I too follow the golden rule, I make sure both parties are happy and don't try to decisive people.

If you were on the receiving end, would you want to be informed?

I probably would be informed because I research anything I sell extensively, ignorance is a poor excuse for something that can be easy researched on the internet. If I were so uninformed enough to sell something cheaper then I should have well tough luck for me.

Ignorance is bliss - she could have been on top of the world having gotten an extra $20, thinking she ripped you off. But at the end of the day, that doesn't make it just.

HYPOTHESIS CONTRARY TO FACT: This fallacy consists of offering a poorly supported claim about what might have happened in the past or future if circumstances or conditions were other than they actually were or are. The fallacy also involves treating hypothetical situations as if they were fact.
example: If you had only tasted the stewed snails, I'm sure you would have liked them.
example: If Hitler had not invaded Russia and opened up two military fronts, the Nazis would surely have won the war.



What if she was selling her late father's trinkets because she got laid off and needed to pay the rent?

HYPOTHESIS CONTRARY TO FACT


Like said above, in this day and age it is especially rare and "saintly"...so for that I commend you even more so. You can sleep at night knowing you chose the harder right over the easier wrong. Very, very few people can do the same...

-Heie
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07-16-2012, 05:45 AM   #29
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QuoteOriginally posted by bdery Quote
When I see something underpriced, I usually make an offer that's higher than the asked price, but still a good deal for me, while telling the seller that the item is worth more than the asking price. If they want to research and sell for more, too bad, if they accept, good for both of us! I figure if they get more than they expected, then to them it's a good deal, and I'm not stealing anything.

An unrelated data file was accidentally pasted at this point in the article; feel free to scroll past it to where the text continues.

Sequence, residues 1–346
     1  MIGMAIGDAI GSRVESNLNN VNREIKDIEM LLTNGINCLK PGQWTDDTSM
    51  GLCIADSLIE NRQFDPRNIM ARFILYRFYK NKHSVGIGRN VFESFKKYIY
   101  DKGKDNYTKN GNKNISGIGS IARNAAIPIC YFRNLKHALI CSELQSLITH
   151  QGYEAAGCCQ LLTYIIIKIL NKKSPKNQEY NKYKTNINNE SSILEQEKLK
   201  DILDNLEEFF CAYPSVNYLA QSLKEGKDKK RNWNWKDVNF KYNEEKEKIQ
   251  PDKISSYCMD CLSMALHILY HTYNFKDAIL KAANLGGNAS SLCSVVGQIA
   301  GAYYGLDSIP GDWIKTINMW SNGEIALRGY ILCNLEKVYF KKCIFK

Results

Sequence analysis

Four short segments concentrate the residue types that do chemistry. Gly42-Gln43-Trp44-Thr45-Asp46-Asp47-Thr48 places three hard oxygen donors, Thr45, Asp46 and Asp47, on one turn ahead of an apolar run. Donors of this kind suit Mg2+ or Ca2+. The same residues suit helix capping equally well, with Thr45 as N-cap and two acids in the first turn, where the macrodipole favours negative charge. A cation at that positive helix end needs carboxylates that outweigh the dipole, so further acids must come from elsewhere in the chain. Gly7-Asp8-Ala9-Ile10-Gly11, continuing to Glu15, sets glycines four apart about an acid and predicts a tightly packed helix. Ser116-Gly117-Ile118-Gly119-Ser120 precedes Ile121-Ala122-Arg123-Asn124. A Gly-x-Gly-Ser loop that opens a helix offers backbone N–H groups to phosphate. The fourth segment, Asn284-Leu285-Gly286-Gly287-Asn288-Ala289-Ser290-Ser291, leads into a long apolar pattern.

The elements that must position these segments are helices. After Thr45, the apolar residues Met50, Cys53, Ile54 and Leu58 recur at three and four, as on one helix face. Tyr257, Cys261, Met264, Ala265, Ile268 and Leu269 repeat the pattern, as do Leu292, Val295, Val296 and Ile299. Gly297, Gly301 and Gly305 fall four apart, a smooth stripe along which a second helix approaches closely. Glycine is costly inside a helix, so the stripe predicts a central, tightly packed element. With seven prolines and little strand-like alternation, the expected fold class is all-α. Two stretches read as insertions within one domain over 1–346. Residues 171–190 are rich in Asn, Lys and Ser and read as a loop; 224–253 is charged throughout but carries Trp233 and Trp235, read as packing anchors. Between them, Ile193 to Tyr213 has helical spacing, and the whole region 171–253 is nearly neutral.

+1 the right approach I feel.
07-16-2012, 06:00 AM - 1 Like   #30
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QuoteOriginally posted by Whitewind Quote
I probably would be informed because I research anything I sell extensively, ignorance is a poor excuse for something that can be easy researched on the internet. If I were so uninformed enough to sell something cheaper then I should have well tough luck for me.
I am not going to spend the next 15 minutes disproving your attempts to disprove hypothetical situations (are you serious? really?) that neither of us can actually conclude are factual or not - that wasn't the purpose of me stating them. Rather, this is a terrible assumption to make: "If I am so informed, and I get cheated, it's my fault that I have no choice but to accept, and everyone else should share the same fate."

What if the first time she ever used a computer was to make an eBay account, and it took her 2 hours just to figure out how to upload one picture of her item? Most of us are gifted with a navigation of the internet so seamless and un-mentally taxing that it is very difficult to understand how anyone else "could be so uninformed when the entire world is at your fingertips thanks to 0.01 second searches on Google." I personally can attest that my grandmother is technologically-challenged, and despite showing her countless times, she still calls me on Skype while in Afghanistan on how to upload pictures to FaceBook. Not only would I never expect her to know what an alphabet-soup-named lens is and the distinction between 1:2 and 1:1.2, but I wouldn't expect her to research it prior to selling one either, because to her, it's old, unwanted, and inherited "junk," and $25 is better than throwing it away.

Ultimately I'm disturbed by your egocentric attribution of your own internet and computer prowess and unforgiving omniscience to someone whom you have never met as a justification for your own set of standards of morality and ethics.

Very Respectfully,
Heie